I am worried that the introduction of vouchers, then withdrawal when they are found not to make one ounce of difference will send out the message that breastfeeding is no longer desirable, which is not what the government is trying to achieve.
But then, what do I know? I am just a mum.
2) Who will check who is still breastfeeding? I doubt the health professionals will just be able to take the mum's word for it. They'll need some sort of evidence.
How do they collect this evidence? By asking the mum to get her breasts out and get feeding so they can see? Maybe, the health visitor will have to video record the act taking place?
I dread to think.
To me it just seems impractical.
Anyway, I think the answer here is to restore the cultural normalisation of breastfeeding that was destroyed during the 70s and 80s.
A big part of this is educating mothers who have no prior experience and have never even witnessed breastfeeding in their own family circle. It may take a couple of generations for the cycle to break all over again, but if it's done properly, will set things up well in to the future.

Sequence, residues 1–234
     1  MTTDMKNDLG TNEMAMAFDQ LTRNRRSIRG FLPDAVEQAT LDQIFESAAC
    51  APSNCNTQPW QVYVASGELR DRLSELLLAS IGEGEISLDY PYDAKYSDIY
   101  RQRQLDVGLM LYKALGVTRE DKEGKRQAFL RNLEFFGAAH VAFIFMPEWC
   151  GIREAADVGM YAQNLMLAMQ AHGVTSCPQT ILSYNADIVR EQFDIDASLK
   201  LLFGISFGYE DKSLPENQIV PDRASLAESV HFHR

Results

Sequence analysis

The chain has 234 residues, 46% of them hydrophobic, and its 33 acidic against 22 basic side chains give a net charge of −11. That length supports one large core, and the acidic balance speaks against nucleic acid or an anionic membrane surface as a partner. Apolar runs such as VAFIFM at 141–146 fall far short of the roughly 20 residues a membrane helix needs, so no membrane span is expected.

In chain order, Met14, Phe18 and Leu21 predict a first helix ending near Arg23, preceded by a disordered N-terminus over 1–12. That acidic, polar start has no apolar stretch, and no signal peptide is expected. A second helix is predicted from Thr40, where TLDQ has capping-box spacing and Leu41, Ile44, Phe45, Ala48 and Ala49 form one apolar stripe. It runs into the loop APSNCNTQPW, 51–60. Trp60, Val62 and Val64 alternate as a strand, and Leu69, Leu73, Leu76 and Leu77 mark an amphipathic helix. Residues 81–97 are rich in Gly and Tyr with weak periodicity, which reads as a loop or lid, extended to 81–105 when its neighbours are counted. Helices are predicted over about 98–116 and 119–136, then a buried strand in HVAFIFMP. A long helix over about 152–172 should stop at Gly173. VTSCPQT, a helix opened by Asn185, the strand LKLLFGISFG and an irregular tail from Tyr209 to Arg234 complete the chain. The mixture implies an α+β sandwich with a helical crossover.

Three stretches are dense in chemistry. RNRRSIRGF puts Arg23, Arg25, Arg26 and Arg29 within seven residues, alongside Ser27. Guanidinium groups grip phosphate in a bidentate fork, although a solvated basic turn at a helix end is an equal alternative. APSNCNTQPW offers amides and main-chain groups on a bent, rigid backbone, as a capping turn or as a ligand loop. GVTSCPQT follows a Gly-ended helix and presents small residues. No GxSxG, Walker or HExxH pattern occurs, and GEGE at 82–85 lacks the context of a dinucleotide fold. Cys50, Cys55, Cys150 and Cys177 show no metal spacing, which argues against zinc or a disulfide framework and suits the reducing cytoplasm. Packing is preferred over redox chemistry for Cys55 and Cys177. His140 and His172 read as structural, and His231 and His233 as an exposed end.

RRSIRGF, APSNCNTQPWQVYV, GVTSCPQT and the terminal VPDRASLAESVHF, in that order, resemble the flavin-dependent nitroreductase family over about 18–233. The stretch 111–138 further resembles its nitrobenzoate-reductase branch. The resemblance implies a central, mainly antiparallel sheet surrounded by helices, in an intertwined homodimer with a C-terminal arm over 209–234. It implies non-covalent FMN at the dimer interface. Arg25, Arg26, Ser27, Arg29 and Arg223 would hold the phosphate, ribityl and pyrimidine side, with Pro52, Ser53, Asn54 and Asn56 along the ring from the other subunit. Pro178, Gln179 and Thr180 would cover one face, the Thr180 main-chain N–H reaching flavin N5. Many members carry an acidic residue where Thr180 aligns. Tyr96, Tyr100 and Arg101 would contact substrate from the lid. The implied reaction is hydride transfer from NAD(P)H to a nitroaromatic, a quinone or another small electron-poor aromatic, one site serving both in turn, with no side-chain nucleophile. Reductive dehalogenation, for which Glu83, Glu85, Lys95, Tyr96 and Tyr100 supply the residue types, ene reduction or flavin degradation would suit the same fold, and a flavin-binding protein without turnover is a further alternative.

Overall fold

For me, what would make an instant difference would be better public feeding facilities. I am relatively gobby and strong in character, yet I still found it difficult to breast feed in public. I couldn't afford to pop into a cafe for an overpriced coffee every time I wanted to feed a baby (or two). Shopping centre seating areas are not at all private, and usually very starkly-lit. Outdoor benches are cold and draughty and too public.
I liked the rooms that shops like Boots provided, but I was always conscious of taking up the whole room and preventing other mums from coming in to use the changing facilities. Feeding rooms are few and far between, and never big enough when you find them. Some rooms I couldn't even get a double buggy through the door.
You may have seen feeding rooms in private shops like Boots and Mothercare but how many times have you seen them as part of a public toilet block, or in a public building like a library? As usual, the government, local or otherwise, are behind the curve on infant feeding and providing family-friendly facilities.